Day 7-Arrival

August, 2011 § Leave a comment

Bictelia and I covered a lot of ground in those next two days at school. For someone who doesn’t like to be very curious, I’m proud to say I got all of my questions answered in my time there… and then some.

I think it helped Bictelia, too, to have someone asking those questions. I think it made her feel less like I was giving her a handout and more like she was making a decision for her school that could benefit it.

We also came up with a list of phrases she could use in the meantime. Things like:
“Don’t eat in class.” and
“That doesn’t please God.” and

I kept doing some tutoring and sat in on Delmy’s class. During recess, I let a sixth grader beat me at a game of one-on-one but it doesn’t really count because he was taller than me.

My last night in Rio Esteban was Tuesday night. After we got back from school and ate lunch, I took some pictures of Delmy’s room [my future half-room] and laid in the hammock watching Deyni play mini-soccer with some of the boys.

I tried to suck in the aroma of that moment and enclose it in my brain to be released in February when I’m saying my good byes. There was a strong breeze and palm trees were swaying. I saw a hummingbird fly over to a hibiscus flower and take a sip. The boys were shouting in Spanish, kicking up dust with their bare feet, and celebrating mini-victories in their mini-soccer game.

Maybe I’m lustful for wanting to remember Honduras for these things. Maybe I should let the Lord’s call on my life be enough. My flesh is weak. I believe, help my unbelief.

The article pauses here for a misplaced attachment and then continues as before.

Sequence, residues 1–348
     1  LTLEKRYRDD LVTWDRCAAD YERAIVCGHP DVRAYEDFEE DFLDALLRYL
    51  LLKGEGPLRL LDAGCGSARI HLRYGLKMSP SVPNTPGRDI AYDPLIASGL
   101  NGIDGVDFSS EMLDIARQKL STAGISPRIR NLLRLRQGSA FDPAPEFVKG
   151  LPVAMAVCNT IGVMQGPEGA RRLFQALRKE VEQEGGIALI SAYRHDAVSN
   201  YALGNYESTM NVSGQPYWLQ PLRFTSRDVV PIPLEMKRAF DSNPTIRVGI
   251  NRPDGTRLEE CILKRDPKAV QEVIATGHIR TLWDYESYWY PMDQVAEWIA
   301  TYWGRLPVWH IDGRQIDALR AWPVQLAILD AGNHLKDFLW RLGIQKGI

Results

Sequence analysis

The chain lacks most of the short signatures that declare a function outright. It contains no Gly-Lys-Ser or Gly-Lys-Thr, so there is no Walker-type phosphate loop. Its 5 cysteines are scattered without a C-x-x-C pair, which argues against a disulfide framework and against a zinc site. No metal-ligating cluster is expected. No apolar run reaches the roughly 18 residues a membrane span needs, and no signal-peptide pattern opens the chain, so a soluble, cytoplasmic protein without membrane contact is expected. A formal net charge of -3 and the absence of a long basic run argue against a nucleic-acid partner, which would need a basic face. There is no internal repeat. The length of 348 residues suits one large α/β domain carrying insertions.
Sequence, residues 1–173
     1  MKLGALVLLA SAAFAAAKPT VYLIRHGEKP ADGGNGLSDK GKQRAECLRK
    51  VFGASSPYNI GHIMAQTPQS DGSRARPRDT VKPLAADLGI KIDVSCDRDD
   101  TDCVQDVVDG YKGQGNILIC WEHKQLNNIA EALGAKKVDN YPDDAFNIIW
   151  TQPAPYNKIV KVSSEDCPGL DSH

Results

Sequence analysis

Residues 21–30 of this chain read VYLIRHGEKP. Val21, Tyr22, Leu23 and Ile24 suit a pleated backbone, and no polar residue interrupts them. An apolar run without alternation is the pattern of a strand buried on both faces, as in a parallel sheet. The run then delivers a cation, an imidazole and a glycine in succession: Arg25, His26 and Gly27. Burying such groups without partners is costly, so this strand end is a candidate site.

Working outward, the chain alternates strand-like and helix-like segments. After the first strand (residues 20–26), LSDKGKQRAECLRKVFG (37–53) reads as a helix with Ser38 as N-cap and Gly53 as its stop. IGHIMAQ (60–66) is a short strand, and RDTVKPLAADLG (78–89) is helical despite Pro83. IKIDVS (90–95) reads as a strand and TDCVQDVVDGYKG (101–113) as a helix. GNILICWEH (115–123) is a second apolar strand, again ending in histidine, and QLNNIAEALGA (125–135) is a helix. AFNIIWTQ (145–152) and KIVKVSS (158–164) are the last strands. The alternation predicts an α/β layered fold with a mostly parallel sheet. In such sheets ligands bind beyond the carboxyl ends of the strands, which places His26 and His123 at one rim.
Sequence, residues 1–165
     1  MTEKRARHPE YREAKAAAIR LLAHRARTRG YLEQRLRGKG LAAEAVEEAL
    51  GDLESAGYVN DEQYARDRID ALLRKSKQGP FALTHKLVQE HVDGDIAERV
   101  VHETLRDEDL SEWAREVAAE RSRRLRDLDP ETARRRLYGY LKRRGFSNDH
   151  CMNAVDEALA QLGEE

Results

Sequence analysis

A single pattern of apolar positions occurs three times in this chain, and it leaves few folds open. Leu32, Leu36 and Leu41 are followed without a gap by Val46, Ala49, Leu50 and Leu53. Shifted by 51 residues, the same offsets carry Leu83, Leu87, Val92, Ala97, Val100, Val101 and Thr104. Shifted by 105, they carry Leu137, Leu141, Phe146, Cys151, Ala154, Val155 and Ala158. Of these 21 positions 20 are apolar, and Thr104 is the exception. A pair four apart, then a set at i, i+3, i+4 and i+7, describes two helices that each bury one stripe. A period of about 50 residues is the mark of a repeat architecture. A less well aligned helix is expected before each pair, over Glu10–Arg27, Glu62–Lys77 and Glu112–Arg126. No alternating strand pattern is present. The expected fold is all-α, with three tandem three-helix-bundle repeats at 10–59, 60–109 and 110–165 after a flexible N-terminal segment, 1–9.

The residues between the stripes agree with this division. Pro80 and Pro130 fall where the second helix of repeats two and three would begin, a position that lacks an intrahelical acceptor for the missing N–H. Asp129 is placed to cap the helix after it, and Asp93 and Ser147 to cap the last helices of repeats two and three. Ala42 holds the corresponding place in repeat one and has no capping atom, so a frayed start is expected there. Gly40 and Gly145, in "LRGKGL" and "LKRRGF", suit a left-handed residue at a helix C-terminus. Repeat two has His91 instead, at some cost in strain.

That night at church was the culto de adoración [adoration service]. It’s mostly just worship and Brayan gave a brief message. I remember it being good, I just wish I could remember what it was about.

After church, Delmy and I went to her friend [and fellow teacher], Deslinn’s, house so I could check out the internet speed on the Tigo modem.

Deslinn is very sweet and extremely bubbly and scattered. She served us dinner and after I had finished on Facebook (it only took me about three minutes to get sick of it) she started chatting with an American girl who had been teaching at the bilingual school before. She would say something to us, look at the computer, crack up, say the girl’s name a million times, and then say she’s getting off.

Delmy and I were falling asleep. I guess Deslinn could tell because she eventually released us. Delmy and I walked home in the pitch black and quiet streets of Rio Esteban arm-in-arm and she told me she didn’t want me to leave. I said halfheartedly that I don’t want to leave either.

My problem is that I never want to leave anywhere. There’s just always somewhere I want to arrive. 


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